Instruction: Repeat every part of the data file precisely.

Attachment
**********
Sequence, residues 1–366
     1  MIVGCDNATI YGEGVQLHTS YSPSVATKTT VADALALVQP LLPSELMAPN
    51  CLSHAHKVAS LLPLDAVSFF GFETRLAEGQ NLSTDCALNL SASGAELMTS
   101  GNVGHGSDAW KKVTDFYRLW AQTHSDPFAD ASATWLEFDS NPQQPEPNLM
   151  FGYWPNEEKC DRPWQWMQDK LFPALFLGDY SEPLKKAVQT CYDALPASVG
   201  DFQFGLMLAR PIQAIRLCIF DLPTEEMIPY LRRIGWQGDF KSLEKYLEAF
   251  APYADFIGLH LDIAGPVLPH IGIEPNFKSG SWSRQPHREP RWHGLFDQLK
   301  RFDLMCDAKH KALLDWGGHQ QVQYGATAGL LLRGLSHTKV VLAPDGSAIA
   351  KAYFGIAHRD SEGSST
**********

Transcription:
Sequence, residues 1–366
     1  MIVGCDNATI YGEGVQLHTS YSPSVATKTT VADALALVQP LLPSELMAPN
    51  CLSHAHKVAS LLPLDAVSFF GFETRLAEGQ NLSTDCALNL SASGAELMTS
   101  GNVGHGSDAW KKVTDFYRLW AQTHSDPFAD ASATWLEFDS NPQQPEPNLM
   151  FGYWPNEEKC DRPWQWMQDK LFPALFLGDY SEPLKKAVQT CYDALPASVG
   201  DFQFGLMLAR PIQAIRLCIF DLPTEEMIPY LRRIGWQGDF KSLEKYLEAF
   251  APYADFIGLH LDIAGPVLPH IGIEPNFKSG SWSRQPHREP RWHGLFDQLK
   301  RFDLMCDAKH KALLDWGGHQ QVQYGATAGL LLRGLSHTKV VLAPDGSAIA
   351  KAYFGIAHRD SEGSST